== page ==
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Stefan Zweig: The fruits of peace, the drive toward war


Anti-war essays, poems, short stories and literary excerpts

Stefan Zweig: Selections on peace and war


Stefan Zweig
From The World of Yesterday
Translated by Benjamin W. Huebsch and Helmut Ripperger

It may perhaps be difficult to describe to the generation of today, which has grown up amidst catastrophes, collapses, and crises, to which war has been a constant possibility and even a daily expectation, that optimism, that trustfulness in the world which had animated us young people since the turn of the century. Forty years of peace had strengthened the economic organism of the nations, technical science had given wings to the rhythm of life, and scientific discoveries had made the spirit of that generation proud; there was sudden upsurge which could be felt in almost identical measure in all countries of Europe. The cities grew more beautiful and more populous from year to year. The Berlin of 1905 no longer resembled the city that I had known in 1901; the capital had grown into a metropolis and, in turn, had been magnificently overtaken by the Berlin of 1910. Vienna, Milan, Paris, London, and Amsterdam on each fresh visit evoked new astonishment and pleasure. The streets became broader and more showy, the public buildings more impressive, the shops more luxurious and tasteful. Everything manifested the increase and spread of wealth. Even we writers experienced it in the editions of our works which, within some ten years, had increased three-, five-, and tenfold. New theatres, libraries, and museums sprang up everywhere ; comforts such as bathrooms and telephones, formerly the privilege of the few, became the possession of the more modestly placed, and the proletariat emerged, now that working hours had been shortened, to participate in at least the small joys and comforts of life. There was progress everywhere. Whoever ventured, won. Whoever bought a house, a rare book, or a painting saw it increase in value; the more daring and the larger the scale on which an enterprise was founded, the more certain a profit. A wondrous unconcernedness had thus spread over the world, for what could interrupt this rapid ascent, restrict the élan, which constantly drew new force from its own soaring? Never had Europe been stronger, richer, more beautiful, or more confident of an even better future…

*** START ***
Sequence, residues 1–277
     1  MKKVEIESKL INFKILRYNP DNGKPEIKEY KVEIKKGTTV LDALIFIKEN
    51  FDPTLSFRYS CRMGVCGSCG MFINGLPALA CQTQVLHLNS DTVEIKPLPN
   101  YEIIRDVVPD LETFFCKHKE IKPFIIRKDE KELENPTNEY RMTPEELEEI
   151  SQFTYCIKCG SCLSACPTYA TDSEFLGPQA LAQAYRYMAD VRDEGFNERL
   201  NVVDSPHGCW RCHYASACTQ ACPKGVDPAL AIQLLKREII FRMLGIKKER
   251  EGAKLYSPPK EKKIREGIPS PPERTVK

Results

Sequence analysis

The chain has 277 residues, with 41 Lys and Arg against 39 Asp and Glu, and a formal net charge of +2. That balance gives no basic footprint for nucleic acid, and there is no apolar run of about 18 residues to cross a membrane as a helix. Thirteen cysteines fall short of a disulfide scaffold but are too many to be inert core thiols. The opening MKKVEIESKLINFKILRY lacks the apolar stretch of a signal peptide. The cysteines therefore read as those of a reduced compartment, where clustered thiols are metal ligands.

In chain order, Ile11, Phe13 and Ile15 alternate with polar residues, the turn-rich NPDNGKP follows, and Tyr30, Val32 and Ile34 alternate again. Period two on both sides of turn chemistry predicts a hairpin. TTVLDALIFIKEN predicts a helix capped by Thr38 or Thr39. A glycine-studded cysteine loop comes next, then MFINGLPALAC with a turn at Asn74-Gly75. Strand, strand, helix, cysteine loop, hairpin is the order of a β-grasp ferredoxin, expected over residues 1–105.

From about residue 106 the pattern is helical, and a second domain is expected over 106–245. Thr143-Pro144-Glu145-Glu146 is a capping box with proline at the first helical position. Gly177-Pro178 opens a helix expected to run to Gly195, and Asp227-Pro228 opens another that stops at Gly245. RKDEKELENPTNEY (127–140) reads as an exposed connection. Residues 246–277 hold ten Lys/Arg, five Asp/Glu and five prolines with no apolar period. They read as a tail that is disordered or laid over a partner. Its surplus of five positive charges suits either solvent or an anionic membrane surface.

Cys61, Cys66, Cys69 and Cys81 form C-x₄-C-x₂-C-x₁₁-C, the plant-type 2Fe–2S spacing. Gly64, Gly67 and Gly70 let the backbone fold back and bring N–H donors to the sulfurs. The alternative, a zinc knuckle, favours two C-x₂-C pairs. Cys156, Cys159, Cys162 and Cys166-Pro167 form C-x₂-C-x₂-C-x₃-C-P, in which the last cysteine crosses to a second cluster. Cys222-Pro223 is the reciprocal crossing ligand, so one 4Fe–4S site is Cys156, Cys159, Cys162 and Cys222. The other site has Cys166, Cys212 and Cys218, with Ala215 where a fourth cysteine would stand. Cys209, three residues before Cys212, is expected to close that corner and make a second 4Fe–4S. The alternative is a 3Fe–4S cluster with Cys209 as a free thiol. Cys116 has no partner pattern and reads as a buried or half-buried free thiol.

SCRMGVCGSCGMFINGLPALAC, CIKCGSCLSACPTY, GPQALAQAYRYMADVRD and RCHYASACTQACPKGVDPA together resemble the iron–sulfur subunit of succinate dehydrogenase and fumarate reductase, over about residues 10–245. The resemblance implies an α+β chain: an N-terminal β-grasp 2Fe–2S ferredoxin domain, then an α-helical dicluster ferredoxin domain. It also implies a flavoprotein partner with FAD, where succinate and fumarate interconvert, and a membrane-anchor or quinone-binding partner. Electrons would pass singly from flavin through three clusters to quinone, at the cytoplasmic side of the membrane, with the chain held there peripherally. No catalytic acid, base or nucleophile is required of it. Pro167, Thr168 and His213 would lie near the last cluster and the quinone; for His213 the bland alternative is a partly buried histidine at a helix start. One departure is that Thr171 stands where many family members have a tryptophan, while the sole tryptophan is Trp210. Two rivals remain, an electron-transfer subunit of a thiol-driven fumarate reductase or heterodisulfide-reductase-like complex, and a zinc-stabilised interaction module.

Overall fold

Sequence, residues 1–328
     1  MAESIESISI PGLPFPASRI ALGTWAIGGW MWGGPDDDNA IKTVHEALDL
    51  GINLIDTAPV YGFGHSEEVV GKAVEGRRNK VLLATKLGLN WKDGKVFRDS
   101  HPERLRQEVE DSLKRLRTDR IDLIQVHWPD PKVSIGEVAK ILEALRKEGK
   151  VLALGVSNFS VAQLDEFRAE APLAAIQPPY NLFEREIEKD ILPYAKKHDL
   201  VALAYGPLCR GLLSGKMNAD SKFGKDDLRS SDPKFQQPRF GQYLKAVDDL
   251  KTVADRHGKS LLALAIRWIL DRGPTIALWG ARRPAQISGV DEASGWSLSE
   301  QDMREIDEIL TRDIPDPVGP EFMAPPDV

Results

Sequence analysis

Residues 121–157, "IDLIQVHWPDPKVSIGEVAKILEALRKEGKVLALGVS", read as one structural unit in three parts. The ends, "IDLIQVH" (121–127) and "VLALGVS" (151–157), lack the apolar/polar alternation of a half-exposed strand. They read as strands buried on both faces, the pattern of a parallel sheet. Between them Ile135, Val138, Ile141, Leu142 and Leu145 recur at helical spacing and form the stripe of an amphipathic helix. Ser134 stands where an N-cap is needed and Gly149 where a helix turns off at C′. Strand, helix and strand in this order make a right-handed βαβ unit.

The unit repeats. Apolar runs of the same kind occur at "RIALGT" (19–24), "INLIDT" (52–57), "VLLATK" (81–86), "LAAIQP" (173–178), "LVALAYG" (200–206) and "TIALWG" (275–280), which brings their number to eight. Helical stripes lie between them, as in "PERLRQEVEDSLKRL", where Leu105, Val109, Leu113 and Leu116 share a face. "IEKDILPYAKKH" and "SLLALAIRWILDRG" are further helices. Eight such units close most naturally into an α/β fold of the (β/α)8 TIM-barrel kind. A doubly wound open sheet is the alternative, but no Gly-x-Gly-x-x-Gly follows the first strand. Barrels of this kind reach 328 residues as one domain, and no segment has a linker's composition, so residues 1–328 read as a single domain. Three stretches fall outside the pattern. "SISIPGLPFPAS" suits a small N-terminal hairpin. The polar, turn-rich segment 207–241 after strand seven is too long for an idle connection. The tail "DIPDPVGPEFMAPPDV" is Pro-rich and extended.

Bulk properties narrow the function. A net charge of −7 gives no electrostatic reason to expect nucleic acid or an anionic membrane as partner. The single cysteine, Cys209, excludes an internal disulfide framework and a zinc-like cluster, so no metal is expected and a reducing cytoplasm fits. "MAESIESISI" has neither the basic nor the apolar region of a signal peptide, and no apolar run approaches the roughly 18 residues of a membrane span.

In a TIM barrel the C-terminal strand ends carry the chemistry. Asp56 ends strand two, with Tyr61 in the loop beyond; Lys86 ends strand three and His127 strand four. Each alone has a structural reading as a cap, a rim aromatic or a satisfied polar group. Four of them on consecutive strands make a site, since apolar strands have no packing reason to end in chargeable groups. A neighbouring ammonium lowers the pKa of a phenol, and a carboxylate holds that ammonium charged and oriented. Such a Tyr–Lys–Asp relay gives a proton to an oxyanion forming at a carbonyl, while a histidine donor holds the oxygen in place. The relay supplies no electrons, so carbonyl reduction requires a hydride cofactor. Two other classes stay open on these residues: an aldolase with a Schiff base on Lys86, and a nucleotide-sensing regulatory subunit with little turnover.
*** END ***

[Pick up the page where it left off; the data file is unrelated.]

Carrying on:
But there was danger too in the very thing that brought joy, although we did not perceive it. The storm of pride and confidence which rushed over Europe was followed by clouds; perhaps the rise had come too quickly, the States and cities had become powerful too hastily. The sense of power always leads men as well as States to use or to abuse it. France was puffed up with wealth; it wanted yet more, wanted a colony even though there was no superfluous population for the old ones; it almost went to war over Morocco. Italy wanted Cyrenaica; Austria annexed Bosnia; Serbia and Bulgaria pushed toward Turkey; and Germany, still excluded for the time being, raised its paw for an angry blow. In all these States there was a congestive rush of blood to the head. Out of the fruitful will for internal union there developed everywhere, simultaneously, an in infectious greed for expansion. The French industrialists with their big profits agitated against the Germans who were fattening no less fast, because both of them, Krupp and Schneider-Creusot, wanted to produce more guns. The Hamburg shipping interests with their huge dividends worked against those of Southampton, the Hungarian agriculturists against the Serbians, one corporation against another. The critical juncture everywhere evident had made them frantic for more and more. Calmly reflecting on the past, if one asks why Europe went to war in 1914, neither reasonable ground nor even provocation can be found. It had nothing to do with ideas and hardly even with petty frontiers. I cannot explain it otherwise than by this surplus of force, a tragic consequence of the internal dynamism that had accumulated in those forty years of peace and now sought violent release. Every State suddenly had the feeling of being strong, and forgot that every other State had the same feeling, each wanted more and wanted something from the other. And the worst was that just the sentiment which we most highly valued – our common optimism – betrayed us. For each one thought that in the last moment the other would draw back affrightedly; and so the diplomats began their game of bluff. Four or five times, at Agadir, in the Balkan War, in Albania, it remained a game; but the great coalitions drew together always more tightly and more militaristically. In Germany a war tax was introduced in the midst of peace, in France the period of military service was prolonged. The surplus energy had finally to discharge itself and the vanes showed the direction from which the clouds were already approaching Europe.

It was not yet panic, but there was a constantly swelling unrest; we sensed a slight discomfort whenever a rattle of shots came from the Balkans. Would war really come upon us without our knowing why and wherefore? Slowly – all too slowly, all too timidly, as we are now aware! – the opposing forces assembled themselves.

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